Joseph K

Joseph K

accused of a mysterious crime, fails in his attempts to seek exoneration, and is executed. [Ger. Lit.: Kafka The Trial]
References in periodicals archive ?
Joseph K. is arrested one morning, apparently victim of a slander.
An obvious example are those readings of the novel that suppose Joseph K's guilt and therefore the legitimacy of his condemnation.
other readers, more attentive, acknowledge that there is nothing in the novel that suggests the main character's guilt, but argue that in the chapters which Kafka did not have the time to write there would be, without doubt, "the explanation of Joseph K's fault, or at least of the reasons for the trial." (2) Well, one can speculate ad libidum on what Kafka would have, or should have, written but in the manuscript as it exists, one of the strong ideas of the text is precisely the absence of any "explanation of the reasons for the trial," as well as the obstinate refusal of all the concerned instances--policemen, magistrates, Courts, executioners--to give one.
All the attempts by various interpreters to make Joseph K. guilty of something inevitably hurt against the first phrase of the novel, which simply states: " Jemand musste Joseph K.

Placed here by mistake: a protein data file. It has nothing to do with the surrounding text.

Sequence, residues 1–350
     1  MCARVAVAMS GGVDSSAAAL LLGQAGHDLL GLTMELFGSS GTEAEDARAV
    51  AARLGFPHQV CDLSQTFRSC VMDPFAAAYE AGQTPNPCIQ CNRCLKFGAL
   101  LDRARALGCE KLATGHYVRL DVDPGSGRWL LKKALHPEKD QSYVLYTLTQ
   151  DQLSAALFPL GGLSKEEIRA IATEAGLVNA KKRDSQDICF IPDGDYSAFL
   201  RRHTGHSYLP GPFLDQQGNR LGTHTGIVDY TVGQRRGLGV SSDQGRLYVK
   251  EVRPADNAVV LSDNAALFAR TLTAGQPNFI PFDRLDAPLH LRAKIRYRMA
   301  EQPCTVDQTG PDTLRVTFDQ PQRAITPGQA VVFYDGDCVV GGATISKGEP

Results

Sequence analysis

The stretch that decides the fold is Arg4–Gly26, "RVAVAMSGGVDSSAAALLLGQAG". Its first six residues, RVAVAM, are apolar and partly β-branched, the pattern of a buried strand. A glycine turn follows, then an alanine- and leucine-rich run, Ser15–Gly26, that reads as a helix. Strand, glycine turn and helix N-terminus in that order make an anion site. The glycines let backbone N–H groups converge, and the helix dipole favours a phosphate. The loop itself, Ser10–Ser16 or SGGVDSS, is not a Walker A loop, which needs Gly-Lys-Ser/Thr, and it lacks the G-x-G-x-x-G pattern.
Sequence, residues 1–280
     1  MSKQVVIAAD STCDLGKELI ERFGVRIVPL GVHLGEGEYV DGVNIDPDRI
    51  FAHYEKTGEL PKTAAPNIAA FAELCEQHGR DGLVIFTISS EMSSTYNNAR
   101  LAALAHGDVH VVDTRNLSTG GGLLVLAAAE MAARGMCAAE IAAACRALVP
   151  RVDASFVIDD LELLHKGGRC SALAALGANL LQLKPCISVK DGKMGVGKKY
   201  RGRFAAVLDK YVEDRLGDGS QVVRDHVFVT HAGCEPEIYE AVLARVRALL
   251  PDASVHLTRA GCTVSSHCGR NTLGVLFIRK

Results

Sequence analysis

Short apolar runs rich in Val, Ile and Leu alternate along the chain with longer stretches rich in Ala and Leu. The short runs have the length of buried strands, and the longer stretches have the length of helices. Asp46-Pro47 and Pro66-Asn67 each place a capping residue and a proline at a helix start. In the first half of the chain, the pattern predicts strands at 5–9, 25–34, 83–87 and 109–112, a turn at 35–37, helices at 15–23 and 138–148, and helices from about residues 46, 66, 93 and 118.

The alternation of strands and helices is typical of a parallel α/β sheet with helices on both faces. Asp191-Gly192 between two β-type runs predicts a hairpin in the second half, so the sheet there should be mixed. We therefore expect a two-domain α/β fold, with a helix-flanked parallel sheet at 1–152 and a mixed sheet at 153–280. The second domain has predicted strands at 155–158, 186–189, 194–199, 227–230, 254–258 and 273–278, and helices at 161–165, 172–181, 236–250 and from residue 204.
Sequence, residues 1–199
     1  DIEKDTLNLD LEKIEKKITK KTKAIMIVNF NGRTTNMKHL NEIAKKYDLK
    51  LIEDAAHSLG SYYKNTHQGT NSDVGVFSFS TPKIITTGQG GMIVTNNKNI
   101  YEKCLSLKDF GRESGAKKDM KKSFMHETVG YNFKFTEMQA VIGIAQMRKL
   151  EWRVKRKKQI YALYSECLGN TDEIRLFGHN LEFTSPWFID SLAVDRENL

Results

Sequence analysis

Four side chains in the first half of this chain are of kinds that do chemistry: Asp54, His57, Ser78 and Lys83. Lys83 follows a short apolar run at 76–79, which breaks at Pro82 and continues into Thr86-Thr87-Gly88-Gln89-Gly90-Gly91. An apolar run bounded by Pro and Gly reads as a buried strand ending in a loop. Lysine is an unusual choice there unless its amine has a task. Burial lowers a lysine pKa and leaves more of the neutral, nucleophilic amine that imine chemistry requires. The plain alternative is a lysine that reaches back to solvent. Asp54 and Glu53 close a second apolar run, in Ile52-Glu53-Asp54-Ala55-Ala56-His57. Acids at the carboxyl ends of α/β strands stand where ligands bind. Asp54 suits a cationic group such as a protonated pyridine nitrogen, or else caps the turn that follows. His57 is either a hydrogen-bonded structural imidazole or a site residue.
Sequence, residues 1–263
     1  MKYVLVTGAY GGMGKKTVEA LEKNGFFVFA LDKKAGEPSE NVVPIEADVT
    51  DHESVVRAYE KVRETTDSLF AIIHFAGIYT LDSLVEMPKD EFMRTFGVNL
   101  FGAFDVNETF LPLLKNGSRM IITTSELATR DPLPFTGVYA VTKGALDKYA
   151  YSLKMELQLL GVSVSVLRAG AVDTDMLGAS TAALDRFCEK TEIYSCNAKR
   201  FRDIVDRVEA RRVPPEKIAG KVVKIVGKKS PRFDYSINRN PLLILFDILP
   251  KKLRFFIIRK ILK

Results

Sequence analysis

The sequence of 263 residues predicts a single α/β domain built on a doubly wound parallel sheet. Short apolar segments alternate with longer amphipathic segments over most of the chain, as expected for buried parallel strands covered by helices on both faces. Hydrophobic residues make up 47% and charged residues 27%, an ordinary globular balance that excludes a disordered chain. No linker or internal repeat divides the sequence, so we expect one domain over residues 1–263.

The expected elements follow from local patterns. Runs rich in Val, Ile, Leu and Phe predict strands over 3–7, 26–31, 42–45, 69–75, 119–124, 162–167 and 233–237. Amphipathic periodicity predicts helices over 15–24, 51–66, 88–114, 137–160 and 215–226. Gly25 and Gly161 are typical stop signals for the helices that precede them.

It is true that Joseph K.'s arrest seems to be the result of a "slander"--a term which seems to have some analogy to the accusations of "ritual murder." However, the issue of the slander is not pursued in the novel.
unlike the victims of the anti-semitic trial, which were either acquitted (Dreyfus, the Tisza-Jews, Beiliss) or at least escaped capital punishment (Hilsner), Francisco Ferrer was "legally" executed, and thus has a significant common trait with Joseph K. But otherwise there isn't much similarity between their stories.
Joseph K.'s first reaction to the threat is resistance, (individual) rebellion: he denounces, protests and voices, with sarcasm and irony, his contempt for the institution that is supposed to judge him.
If Huld would have asked him to crawl under the bed like in a kennel and bark, he would have done it with joy." (22) Joseph K., on the contrary, keeps his dignity and refuses to submit to those "above."
By proclaiming, throughout the novel, his innocence, Joseph K. is not lying, but expressing an intimate conviction.
might cite, quite at random, Joseph K's desperate repetitions or